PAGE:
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15 go-to cocktails: Kir

I would like to live in Paris. Even here. I mean – actually living in the physical location of Paris would be nice, certainly; but I mean more that I would like to live like I’d live in Paris. Or least how Paris seemed to me, when we were there last spring.  Afternoon cafe visits, walking anywhere almost no matter the distance, leisurely lunches with wine, a break from the rest of life on Sundays when everything in closed and things move more slowly.  We came back thinking we’d try to incorporate this lifestyle into our little Claremont life; how hard could that be? We have cafes with tables outside, we have wine bars with nibbles for after-work relaxation, we have parks and botanic gardens for walking … but in reality, the only thing we’ve kept up with is beer or wine at lunch on the weekends (big surprise).

There is one thing that we brought back with us, though, that makes me feel like a little bit of Paris is here with me. Our first afternoon there, our lovely hostess offered us a kir – black currant liqueur and white wine – a light, refreshing cocktail perfectly suited for that late afternoon period when dinner is still hours away but you’re done with most of your activity for the day and are looking to sit back and relax.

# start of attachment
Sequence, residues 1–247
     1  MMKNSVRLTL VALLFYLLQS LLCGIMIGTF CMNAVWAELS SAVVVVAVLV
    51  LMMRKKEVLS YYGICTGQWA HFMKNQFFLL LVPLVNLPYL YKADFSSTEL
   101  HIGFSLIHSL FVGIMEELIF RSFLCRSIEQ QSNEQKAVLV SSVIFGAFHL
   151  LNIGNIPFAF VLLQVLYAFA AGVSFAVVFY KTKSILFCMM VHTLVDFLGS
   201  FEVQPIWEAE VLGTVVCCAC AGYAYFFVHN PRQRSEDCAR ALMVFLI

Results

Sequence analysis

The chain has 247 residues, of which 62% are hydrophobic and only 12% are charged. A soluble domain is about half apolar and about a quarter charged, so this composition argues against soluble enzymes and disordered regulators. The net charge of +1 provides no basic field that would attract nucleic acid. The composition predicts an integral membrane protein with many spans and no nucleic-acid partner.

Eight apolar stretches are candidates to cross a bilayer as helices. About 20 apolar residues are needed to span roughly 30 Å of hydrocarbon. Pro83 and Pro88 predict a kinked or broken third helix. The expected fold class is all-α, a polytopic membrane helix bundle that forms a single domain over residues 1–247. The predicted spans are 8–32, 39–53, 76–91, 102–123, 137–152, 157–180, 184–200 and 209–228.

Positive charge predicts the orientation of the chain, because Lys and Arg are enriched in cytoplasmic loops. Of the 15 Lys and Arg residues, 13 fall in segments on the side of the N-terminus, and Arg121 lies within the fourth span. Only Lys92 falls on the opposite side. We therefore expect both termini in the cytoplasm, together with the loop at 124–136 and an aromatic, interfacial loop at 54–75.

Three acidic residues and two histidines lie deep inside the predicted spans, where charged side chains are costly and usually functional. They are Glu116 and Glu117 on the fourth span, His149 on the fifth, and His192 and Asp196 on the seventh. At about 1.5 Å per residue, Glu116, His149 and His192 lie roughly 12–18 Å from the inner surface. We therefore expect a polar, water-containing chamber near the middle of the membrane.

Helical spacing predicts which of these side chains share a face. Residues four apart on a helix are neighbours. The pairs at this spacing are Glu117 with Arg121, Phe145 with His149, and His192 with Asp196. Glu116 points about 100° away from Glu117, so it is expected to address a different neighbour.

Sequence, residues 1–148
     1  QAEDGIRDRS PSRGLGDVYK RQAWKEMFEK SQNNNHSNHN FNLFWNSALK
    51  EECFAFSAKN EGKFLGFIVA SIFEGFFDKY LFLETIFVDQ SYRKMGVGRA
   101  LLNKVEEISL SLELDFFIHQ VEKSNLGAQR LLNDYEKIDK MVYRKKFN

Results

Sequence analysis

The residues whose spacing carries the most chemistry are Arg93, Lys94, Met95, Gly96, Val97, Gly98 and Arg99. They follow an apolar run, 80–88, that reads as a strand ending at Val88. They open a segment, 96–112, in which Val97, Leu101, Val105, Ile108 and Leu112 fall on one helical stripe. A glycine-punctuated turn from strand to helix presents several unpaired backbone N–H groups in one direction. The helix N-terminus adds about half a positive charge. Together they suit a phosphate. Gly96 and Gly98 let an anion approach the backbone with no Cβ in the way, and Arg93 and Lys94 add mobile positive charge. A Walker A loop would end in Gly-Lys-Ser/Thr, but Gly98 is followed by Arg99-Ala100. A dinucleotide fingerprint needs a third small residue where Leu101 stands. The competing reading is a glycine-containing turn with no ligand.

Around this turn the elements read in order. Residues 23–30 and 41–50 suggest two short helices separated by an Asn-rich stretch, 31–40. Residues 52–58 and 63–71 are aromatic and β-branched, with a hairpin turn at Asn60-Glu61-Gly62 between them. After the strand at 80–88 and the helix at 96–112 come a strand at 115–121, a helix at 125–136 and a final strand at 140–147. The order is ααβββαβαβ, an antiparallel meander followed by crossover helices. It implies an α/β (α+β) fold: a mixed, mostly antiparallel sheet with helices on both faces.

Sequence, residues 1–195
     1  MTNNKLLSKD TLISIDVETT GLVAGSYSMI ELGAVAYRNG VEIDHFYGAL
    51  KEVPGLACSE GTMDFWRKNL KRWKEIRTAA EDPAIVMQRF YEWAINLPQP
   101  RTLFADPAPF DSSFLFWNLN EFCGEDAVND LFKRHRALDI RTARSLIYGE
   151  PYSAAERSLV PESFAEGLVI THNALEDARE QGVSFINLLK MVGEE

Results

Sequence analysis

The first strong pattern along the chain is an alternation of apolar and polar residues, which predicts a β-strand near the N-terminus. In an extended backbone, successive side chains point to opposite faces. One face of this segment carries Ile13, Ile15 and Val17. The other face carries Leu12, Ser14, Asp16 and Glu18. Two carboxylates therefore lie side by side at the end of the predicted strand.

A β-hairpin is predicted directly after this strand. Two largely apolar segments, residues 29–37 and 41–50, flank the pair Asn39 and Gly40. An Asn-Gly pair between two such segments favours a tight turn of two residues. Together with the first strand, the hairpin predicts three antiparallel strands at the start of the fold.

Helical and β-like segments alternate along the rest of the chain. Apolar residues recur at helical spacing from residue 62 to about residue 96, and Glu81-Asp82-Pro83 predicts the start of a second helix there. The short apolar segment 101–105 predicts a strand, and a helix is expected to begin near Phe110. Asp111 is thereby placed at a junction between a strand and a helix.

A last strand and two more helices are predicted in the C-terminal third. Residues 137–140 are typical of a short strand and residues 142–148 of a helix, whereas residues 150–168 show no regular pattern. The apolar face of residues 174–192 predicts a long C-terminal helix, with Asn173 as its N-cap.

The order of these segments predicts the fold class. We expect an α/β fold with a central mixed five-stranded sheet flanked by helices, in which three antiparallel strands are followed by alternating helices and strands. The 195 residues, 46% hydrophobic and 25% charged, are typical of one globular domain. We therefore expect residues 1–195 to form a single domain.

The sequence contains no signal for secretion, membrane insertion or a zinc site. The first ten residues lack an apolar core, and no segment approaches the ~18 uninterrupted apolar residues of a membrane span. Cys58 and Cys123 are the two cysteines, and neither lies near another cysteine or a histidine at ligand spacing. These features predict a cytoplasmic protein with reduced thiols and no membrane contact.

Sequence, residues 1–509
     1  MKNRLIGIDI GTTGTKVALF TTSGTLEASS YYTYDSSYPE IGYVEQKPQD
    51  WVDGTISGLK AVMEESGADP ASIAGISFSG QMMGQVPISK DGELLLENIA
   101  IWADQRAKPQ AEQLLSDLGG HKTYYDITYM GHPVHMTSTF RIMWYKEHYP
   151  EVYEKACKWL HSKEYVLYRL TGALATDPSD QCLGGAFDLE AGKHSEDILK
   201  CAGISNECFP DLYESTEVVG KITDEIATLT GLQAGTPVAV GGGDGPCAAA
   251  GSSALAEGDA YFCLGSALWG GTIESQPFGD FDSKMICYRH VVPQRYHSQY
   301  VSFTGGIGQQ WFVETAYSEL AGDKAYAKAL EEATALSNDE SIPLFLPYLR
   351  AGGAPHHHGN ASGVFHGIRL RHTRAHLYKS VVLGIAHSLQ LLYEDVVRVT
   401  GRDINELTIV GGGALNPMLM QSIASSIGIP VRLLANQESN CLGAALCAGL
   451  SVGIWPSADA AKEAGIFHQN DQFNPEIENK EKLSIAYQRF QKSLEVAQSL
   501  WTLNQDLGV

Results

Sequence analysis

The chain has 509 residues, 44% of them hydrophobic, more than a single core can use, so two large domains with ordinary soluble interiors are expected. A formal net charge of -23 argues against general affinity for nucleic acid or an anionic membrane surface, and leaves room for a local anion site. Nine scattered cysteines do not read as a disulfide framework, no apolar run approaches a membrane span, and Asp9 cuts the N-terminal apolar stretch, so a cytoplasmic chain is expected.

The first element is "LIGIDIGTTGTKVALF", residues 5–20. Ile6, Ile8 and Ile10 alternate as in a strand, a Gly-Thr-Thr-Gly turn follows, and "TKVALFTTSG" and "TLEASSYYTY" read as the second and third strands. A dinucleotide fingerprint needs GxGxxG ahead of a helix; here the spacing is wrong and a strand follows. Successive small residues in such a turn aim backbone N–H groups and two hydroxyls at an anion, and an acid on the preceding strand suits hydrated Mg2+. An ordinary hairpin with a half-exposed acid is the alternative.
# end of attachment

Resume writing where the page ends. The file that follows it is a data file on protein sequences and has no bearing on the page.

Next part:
Okay, that’s not how most of our days go – but regardless, quickly pouring a kir into a wine glass makes it feel like we have nothing more to worry about in life than what charming little bistro we’ll go to for dinner, or which of the cheeses in the fridge we’ll open to snack on while we cook (answer: all of them).


  • White wine (doesn’t need to be good – here I used our $2.99 Whole Foods chardonnay)
  • Creme de cassis (sounds fancy, but you can likely find it at nicer grocery stores that sell liquor, or most liquor stores)

– There isn’t really a distinct formula for this cocktail – somewhere between 1:3 and 1:9 ratio of cassis to wine. We pour a small-ish glass of white wine, then 1 cm or so of cassis on top.

Note: A kir royale is the same thing made with champagne, and wikipedia tells me that there is a sizable variety of other amendments to be made with various other alcohols that I really should be trying right about … now.

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3 Comments Post a comment
  1. I think I usually do about 1-30 or so cassis to wine. I usually just put about a tsp in the bottom of the glass and then pour in roughly 4 oz of wine.

    May 12, 2011

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